Narrative Painting in Seventeenth-Century Japan: The Emergence of a New Field

Detail from Taishokan Narrative (early seventeenth century), manuscript dismantled and pasted onto a folding screen; ink, gold and color on paper. Private collection, Japan.

Melanie Trede
Visiting Professor, Professor of Histories of Japanese Art and Head of the Institute of East Asian Art History Centre for East Asian Studies, Heidelberg University
Thursday, March 29, 2018, 6:00–7:00 pm

934 Schermerhorn Hall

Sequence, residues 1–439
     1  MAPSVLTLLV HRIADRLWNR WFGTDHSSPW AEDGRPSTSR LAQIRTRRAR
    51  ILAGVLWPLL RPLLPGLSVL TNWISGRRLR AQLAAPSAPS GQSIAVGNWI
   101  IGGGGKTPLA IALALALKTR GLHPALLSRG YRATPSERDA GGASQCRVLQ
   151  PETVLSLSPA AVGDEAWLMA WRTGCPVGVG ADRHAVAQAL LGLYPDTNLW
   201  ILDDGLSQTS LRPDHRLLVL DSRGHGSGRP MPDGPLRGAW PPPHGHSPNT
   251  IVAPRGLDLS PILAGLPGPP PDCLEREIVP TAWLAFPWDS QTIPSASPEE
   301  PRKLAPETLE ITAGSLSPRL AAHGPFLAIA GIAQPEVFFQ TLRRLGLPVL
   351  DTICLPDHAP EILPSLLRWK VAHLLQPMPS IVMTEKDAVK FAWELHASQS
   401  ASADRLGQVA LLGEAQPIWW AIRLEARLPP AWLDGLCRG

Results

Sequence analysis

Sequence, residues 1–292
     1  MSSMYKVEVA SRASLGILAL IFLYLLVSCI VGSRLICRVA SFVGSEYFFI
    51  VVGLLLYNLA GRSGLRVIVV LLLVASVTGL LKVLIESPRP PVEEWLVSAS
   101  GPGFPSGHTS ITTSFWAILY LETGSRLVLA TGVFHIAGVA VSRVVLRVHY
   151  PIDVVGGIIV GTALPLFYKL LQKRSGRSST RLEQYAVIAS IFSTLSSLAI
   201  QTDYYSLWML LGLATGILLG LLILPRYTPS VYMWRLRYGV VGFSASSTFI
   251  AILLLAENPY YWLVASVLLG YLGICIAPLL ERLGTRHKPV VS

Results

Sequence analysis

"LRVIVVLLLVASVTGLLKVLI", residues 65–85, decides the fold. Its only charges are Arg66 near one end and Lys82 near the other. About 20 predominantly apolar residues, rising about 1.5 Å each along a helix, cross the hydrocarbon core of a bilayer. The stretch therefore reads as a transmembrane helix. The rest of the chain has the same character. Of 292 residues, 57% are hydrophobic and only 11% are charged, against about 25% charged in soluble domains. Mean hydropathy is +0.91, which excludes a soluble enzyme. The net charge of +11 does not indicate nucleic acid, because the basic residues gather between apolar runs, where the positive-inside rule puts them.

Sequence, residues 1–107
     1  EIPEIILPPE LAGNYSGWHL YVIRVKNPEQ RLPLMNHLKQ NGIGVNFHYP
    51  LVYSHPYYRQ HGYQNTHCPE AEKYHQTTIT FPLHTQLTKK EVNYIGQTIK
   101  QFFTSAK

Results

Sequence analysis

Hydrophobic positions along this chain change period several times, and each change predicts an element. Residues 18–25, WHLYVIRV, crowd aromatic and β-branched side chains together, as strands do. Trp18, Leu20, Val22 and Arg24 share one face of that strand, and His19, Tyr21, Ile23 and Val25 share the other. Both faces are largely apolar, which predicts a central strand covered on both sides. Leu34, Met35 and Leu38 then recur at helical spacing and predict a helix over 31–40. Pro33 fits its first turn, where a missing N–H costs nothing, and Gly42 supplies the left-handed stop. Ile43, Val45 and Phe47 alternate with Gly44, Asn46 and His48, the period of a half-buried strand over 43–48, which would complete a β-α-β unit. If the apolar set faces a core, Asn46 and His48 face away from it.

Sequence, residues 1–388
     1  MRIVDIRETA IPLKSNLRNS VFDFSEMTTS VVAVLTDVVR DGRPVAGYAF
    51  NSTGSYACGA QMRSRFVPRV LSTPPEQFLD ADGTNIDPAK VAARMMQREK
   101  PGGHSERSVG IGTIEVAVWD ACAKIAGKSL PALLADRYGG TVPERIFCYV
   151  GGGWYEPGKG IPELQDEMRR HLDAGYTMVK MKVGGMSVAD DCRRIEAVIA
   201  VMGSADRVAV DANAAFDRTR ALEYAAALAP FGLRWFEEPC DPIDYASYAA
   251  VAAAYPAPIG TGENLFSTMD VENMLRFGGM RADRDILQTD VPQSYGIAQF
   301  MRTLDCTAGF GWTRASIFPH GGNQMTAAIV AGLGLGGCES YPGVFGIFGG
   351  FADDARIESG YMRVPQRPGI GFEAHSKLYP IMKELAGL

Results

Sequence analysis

No time period in Japan saw as rich, varied and monumental a visual genre of storytelling as the seventeenth century. Ranging from small fans to long handscrolls and large folding screens, the hundreds if not thousands of pictorial narratives created in this most historicizing century of Japanese history went unnoticed in art history until around twelve years ago. Why was this the case, and how has the field changed? This lecture addresses the rich engagement with history, past visualities and unknown cultures in this era of change and emerging socio-political stability, while touching upon recent research trends, and changing paradigms in Japanese art history.